Les Malezer

Les Malezer
Chairperson
United Nations Indigenous Peoples Caucus
Foundation for Aboriginal and Islander Research Action

The Third Session of the Human Rights Council took place in Geneva between 29 November - 8 December 2006. Several governments spoke in strong support of the immediate adoption of the Declaration on the Rights of Indigenous Peoples. Statements by Indigenous Peoples' representatives were also presented in the Third Session. The following is a brief statement to the Human Rights Council by Indigenous representative, Les Malezer.

[UNOFFICIAL TRANSCRIPTION]

Human Rights Council
Third Session, 29 November to 8 December 2006?at the Palais des Nations in Geneva, Switzerland

Oral Statements, 7 December 2006
12th Plenary Meeting

Thank you Mr. President.

We can support the preliminary conclusions that have been provided in your document 6. In particular, we support that the main legal traditions and civilizations be represented, providing that this term does include Indigenous peoples.

Regarding the future functions, we would like to recount our own experiences as Indigenous peoples. For example, it has taken over twenty years, including a UN Decade on Indigenous Peoples, for the United Nations to understand the human rights issues that are pertaining to Indigenous peoples. The manifest abuses of the human rights of Indigenous peoples have still not been addressed as we struggle to establish standards and structures.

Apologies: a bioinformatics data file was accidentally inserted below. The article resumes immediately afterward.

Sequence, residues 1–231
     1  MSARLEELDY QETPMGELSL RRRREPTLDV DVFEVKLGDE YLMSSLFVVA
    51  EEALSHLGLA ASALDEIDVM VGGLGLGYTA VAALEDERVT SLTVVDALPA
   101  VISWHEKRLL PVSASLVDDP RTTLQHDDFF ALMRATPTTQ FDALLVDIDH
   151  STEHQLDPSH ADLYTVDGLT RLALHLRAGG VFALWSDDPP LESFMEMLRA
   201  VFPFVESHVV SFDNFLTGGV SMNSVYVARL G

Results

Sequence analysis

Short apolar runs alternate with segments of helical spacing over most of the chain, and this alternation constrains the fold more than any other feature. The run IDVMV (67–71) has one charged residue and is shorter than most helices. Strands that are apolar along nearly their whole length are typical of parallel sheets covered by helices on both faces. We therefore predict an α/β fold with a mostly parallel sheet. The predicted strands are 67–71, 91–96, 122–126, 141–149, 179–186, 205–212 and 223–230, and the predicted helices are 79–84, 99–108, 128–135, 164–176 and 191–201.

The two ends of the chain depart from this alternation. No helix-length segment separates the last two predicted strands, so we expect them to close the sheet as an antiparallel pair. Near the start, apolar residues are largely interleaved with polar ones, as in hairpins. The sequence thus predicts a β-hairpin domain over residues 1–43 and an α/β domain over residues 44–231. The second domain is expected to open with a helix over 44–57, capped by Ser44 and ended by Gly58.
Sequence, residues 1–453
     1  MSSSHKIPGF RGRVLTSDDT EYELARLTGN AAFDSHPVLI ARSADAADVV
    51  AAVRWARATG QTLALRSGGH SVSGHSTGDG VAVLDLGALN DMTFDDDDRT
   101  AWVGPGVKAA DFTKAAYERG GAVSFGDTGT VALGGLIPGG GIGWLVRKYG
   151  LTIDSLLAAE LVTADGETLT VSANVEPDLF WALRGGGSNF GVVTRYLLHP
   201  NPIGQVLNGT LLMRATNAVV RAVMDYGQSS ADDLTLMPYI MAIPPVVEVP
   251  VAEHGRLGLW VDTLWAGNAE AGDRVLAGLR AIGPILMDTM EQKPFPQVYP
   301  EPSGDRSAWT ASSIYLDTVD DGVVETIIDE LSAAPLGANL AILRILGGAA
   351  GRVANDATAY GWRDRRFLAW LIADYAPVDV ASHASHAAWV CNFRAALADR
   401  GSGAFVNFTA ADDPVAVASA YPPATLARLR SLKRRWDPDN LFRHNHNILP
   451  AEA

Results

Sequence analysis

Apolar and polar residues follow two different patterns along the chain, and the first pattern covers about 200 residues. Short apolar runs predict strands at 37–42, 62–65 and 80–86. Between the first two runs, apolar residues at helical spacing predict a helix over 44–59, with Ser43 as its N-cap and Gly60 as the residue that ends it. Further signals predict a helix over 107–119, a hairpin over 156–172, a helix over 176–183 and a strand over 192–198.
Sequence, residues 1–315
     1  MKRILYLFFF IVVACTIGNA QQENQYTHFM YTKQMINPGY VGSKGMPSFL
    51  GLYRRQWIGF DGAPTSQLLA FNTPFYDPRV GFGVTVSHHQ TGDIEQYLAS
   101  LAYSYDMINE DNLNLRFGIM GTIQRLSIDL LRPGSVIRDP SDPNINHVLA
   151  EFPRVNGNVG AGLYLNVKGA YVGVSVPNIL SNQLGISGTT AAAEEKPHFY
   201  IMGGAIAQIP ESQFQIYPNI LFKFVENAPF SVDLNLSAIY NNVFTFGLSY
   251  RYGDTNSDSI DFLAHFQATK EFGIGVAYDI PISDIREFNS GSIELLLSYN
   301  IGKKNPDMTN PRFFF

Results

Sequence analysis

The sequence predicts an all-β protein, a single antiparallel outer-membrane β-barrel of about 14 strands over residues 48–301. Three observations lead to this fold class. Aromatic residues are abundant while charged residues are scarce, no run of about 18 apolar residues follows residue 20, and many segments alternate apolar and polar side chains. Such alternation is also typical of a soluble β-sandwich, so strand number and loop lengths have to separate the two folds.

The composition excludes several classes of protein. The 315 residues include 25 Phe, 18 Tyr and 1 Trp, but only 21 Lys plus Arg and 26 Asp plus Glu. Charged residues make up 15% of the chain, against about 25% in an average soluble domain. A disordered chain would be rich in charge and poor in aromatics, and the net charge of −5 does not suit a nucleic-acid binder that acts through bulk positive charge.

Despite the extensive work over an extensive period, many states still do not know who the Indigenous peoples are, do not know that self-determination is not a right to secession, do not know that free, prior, and informed consent is not a right of veto over parliaments, and have constitutions, legal systems and laws, which they admit do not address the equality of human rights of Indigenous peoples.

The key points to be made are that there's a strong link between an expert body and input by non-state parties and Indigenous peoples. The United Nations needs to promote a democratic process involving peoples and maximizing civil society representation, especially through experts, as well as through the states. There still needs to much to be learned by states in relation to human rights. There is still a need to counteract political interests which are retained in the Human Rights Council and other structures.

Much of the momentum and initiatives for human rights does come from the direction of experts and civil societies. We urge continued support for Indigenous expertise to be involved through the expert body and any relevant subsidiary bodies. Thank you Mr. Chairman.
 

 

 


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